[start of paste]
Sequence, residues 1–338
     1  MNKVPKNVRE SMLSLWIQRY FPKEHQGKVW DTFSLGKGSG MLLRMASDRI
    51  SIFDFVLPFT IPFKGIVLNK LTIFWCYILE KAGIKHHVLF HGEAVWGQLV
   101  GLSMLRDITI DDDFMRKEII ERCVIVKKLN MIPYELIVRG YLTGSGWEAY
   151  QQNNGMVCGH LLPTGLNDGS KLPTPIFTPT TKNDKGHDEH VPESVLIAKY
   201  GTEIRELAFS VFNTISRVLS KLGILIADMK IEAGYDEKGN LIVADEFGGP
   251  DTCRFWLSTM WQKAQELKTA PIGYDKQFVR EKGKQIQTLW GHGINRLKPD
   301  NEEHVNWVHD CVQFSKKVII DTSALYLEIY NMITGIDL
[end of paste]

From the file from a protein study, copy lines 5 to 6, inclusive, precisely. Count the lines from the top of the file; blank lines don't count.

   151  QQNNGMVCGH LLPTGLNDGS KLPTPIFTPT TKNDKGHDEH VPESVLIAKY
   201  GTEIRELAFS VFNTISRVLS KLGILIADMK IEAGYDEKGN LIVADEFGGP